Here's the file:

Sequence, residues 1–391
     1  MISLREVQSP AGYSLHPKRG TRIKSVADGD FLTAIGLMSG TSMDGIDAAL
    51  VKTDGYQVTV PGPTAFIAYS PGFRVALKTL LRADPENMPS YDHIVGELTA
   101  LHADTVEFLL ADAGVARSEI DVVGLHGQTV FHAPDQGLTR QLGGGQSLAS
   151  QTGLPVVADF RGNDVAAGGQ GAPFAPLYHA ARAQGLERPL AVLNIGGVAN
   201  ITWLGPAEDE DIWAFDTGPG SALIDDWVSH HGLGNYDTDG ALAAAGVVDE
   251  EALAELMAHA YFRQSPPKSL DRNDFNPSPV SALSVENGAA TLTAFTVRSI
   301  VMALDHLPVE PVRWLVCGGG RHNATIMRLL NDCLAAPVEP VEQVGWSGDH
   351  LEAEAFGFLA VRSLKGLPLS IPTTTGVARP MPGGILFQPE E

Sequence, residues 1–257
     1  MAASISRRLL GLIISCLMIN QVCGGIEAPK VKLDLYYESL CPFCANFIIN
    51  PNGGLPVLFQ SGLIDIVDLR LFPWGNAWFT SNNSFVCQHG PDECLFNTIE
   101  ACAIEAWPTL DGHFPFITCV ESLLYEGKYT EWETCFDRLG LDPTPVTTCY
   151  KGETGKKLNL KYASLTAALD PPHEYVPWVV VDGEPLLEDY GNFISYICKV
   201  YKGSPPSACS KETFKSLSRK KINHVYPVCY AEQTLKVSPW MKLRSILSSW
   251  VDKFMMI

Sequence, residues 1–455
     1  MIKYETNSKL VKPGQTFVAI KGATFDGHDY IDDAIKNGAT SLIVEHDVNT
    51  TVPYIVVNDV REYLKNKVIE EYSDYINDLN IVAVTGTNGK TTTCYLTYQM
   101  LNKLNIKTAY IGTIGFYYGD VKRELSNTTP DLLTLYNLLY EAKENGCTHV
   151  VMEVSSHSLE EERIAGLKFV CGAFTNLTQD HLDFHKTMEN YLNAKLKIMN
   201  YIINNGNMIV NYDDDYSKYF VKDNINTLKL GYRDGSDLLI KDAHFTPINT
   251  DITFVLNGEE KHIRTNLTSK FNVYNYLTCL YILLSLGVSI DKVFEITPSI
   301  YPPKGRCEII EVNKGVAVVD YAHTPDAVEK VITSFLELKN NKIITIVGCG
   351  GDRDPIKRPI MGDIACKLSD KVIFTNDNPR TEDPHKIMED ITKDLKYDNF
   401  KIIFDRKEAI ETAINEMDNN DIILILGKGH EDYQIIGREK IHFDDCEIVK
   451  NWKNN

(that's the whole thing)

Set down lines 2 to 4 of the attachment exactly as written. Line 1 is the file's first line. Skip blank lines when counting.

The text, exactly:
     1  MISLREVQSP AGYSLHPKRG TRIKSVADGD FLTAIGLMSG TSMDGIDAAL
    51  VKTDGYQVTV PGPTAFIAYS PGFRVALKTL LRADPENMPS YDHIVGELTA
   101  LHADTVEFLL ADAGVARSEI DVVGLHGQTV FHAPDQGLTR QLGGGQSLAS